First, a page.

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About Us

DA Rice

"The purposes of this organization are to serve as an agency for closer personal acquaintance among prosecuting officials in the State of New York and to make possible the exchange of information and views in respect to the conduct of their various offices so as to promote a greater degree of efficiency and, as deemed necessary or advisable, to so support or oppose legislation for the amendment of the criminal law and for the improvement of the procedure of the prosecution of crime."

Article 1, Section 2 - DAASNY Constitution


New York is home to some of our nation’s most professional prosecutors. As president of the state District Attorneys’ Association, I couldn’t be more proud to represent the men and women who fight for justice and advocate for fairness every day in courthouses across our 62 counties.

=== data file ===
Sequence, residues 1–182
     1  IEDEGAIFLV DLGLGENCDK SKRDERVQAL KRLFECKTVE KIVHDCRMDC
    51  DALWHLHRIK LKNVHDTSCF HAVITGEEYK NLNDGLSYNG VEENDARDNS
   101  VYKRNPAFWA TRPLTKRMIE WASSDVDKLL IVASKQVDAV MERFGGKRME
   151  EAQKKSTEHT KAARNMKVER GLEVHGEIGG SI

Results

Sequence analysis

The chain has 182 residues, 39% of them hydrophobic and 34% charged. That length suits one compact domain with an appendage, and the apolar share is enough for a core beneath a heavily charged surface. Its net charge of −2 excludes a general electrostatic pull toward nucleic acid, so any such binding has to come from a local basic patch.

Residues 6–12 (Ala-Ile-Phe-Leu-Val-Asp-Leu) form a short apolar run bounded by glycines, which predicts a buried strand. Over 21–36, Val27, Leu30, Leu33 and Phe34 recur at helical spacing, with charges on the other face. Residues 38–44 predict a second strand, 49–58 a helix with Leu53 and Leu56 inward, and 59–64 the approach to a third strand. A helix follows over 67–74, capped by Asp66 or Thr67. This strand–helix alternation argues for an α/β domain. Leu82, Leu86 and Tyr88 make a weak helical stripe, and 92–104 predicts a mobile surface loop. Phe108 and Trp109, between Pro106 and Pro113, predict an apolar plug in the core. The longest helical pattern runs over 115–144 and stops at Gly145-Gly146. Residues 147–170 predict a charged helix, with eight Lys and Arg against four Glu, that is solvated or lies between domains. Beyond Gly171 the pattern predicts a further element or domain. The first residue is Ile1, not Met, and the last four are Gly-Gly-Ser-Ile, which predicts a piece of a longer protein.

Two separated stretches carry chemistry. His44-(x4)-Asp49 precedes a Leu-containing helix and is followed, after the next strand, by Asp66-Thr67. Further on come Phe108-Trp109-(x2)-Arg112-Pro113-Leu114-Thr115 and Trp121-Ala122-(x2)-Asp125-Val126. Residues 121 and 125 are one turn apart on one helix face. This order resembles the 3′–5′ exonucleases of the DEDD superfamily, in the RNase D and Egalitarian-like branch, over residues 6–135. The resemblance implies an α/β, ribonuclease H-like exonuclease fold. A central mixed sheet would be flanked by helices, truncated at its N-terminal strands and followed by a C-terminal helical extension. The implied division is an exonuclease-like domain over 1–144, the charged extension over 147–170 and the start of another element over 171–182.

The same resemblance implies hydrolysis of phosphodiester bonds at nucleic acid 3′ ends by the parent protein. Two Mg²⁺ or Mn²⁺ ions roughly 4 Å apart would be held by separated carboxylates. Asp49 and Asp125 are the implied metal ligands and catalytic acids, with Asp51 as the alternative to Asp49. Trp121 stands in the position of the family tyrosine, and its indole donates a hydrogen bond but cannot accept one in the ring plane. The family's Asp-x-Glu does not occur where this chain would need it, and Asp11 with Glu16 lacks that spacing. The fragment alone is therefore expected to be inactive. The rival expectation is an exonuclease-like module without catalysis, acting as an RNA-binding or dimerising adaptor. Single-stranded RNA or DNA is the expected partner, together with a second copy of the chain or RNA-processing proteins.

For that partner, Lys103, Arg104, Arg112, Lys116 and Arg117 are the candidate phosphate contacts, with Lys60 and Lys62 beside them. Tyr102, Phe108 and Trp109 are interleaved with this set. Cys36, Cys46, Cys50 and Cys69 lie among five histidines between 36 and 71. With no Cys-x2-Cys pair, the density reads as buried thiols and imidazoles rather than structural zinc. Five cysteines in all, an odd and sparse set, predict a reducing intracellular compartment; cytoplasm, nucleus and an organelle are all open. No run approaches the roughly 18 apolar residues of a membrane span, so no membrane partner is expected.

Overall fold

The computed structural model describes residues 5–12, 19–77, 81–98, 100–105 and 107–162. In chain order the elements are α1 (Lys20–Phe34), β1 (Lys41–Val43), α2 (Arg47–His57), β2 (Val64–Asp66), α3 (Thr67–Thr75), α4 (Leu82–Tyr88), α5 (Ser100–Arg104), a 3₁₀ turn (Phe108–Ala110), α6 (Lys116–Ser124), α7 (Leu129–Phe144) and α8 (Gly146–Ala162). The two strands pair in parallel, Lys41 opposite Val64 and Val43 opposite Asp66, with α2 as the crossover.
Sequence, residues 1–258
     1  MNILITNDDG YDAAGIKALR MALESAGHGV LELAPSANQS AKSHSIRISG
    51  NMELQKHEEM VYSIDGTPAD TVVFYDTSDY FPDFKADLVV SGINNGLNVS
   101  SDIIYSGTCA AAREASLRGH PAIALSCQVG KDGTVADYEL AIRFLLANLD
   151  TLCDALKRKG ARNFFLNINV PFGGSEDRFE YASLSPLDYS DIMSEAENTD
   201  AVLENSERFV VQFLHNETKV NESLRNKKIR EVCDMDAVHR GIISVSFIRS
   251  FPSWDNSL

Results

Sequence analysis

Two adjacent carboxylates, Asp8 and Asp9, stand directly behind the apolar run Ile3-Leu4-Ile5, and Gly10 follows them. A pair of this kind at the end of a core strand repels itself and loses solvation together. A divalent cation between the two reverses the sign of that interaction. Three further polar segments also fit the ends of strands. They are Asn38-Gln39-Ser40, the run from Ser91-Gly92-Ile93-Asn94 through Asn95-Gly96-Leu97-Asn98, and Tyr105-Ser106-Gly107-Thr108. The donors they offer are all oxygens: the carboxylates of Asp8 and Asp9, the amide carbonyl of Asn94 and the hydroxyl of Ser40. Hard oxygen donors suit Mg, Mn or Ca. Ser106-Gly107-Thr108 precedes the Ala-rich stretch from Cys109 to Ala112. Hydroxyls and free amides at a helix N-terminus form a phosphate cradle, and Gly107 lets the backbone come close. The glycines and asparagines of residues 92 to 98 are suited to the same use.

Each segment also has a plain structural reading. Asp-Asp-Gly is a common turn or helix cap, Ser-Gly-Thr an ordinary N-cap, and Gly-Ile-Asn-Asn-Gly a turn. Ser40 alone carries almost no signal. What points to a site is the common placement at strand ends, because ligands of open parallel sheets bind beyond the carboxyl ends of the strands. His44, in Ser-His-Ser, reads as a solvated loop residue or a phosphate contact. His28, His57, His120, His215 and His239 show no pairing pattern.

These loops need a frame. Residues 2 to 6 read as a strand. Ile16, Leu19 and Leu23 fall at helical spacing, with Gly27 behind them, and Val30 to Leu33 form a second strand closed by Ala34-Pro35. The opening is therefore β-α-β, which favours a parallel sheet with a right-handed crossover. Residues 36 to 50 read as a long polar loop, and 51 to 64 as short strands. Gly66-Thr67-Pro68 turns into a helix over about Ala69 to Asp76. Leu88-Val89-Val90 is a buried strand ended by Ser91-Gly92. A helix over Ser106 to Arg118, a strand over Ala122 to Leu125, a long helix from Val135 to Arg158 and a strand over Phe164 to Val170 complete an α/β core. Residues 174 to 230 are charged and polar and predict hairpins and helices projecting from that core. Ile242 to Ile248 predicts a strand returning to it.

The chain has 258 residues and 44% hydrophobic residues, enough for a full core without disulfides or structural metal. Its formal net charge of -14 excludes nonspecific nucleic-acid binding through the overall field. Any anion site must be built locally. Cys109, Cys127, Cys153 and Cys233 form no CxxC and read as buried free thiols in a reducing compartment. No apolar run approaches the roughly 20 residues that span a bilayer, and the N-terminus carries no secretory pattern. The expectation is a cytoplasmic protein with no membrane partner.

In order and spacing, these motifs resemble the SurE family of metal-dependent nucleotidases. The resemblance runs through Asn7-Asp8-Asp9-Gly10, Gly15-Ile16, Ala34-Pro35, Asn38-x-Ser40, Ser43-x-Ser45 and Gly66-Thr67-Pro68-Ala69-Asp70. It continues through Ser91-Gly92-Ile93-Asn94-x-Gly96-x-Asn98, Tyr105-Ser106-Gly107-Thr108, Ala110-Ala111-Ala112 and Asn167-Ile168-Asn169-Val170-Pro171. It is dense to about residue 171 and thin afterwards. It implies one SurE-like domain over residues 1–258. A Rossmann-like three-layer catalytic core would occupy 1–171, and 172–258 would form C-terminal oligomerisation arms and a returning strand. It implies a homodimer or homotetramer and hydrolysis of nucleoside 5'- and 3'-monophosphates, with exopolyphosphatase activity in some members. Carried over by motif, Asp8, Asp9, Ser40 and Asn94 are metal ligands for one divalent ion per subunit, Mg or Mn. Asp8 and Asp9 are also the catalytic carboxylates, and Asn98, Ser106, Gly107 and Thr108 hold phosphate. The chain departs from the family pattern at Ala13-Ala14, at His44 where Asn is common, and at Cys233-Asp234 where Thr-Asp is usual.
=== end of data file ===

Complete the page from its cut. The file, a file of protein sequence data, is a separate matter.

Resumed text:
Under the leadership of past presidents, our organization has grown to become the preeminent voice shaping criminal justice policy in New York. Whether it’s crafting legislation, training prosecutors, or fighting for reform, nobody is more committed to the effectiveness and integrity of our justice system than our state’s prosecutors.

Thank you for visiting our website. Please don’t hesitate to share your thoughts on how our organization can help you and your community.
Kathleen M. Rice
Nassau County District Attorney


The District Attorneys Association of the State of New York was formed in 1909, as the idea of District Attorney Beecher S. Clother of Glens Falls (Warren County), New York. The first known public mention of its formation appeared in the Rochester (New York) Union and Advertizer in its August 27, 1909 issue. "Upon the theory that big crooks have an organization to beat the law," the article stated, "the district attorneys of the state are going to combine into an association by which they will defeat the lawbreakers by mutual help."

There are 62 elected district attorneys in New York State, one for each county.

40 district attorney offices have fewer than 10 prosecutors, 29 have fewer than six. Seven offices have more than 100 prosecutors.


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